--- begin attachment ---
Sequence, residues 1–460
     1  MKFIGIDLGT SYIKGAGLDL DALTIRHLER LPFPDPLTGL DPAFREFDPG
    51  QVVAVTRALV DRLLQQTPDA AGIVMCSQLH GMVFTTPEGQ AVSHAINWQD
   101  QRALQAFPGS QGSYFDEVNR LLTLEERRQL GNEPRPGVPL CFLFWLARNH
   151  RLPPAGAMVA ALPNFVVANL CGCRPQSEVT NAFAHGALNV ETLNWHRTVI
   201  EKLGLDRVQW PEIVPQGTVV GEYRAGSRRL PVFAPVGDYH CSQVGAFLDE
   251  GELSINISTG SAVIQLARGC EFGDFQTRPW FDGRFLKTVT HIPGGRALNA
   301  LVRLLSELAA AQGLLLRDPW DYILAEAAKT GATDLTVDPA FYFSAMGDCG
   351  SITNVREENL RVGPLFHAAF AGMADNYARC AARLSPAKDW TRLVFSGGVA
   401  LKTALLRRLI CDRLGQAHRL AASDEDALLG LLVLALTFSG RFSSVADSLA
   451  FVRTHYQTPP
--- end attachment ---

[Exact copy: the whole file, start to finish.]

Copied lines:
Sequence, residues 1–460
     1  MKFIGIDLGT SYIKGAGLDL DALTIRHLER LPFPDPLTGL DPAFREFDPG
    51  QVVAVTRALV DRLLQQTPDA AGIVMCSQLH GMVFTTPEGQ AVSHAINWQD
   101  QRALQAFPGS QGSYFDEVNR LLTLEERRQL GNEPRPGVPL CFLFWLARNH
   151  RLPPAGAMVA ALPNFVVANL CGCRPQSEVT NAFAHGALNV ETLNWHRTVI
   201  EKLGLDRVQW PEIVPQGTVV GEYRAGSRRL PVFAPVGDYH CSQVGAFLDE
   251  GELSINISTG SAVIQLARGC EFGDFQTRPW FDGRFLKTVT HIPGGRALNA
   301  LVRLLSELAA AQGLLLRDPW DYILAEAAKT GATDLTVDPA FYFSAMGDCG
   351  SITNVREENL RVGPLFHAAF AGMADNYARC AARLSPAKDW TRLVFSGGVA
   401  LKTALLRRLI CDRLGQAHRL AASDEDALLG LLVLALTFSG RFSSVADSLA
   451  FVRTHYQTPP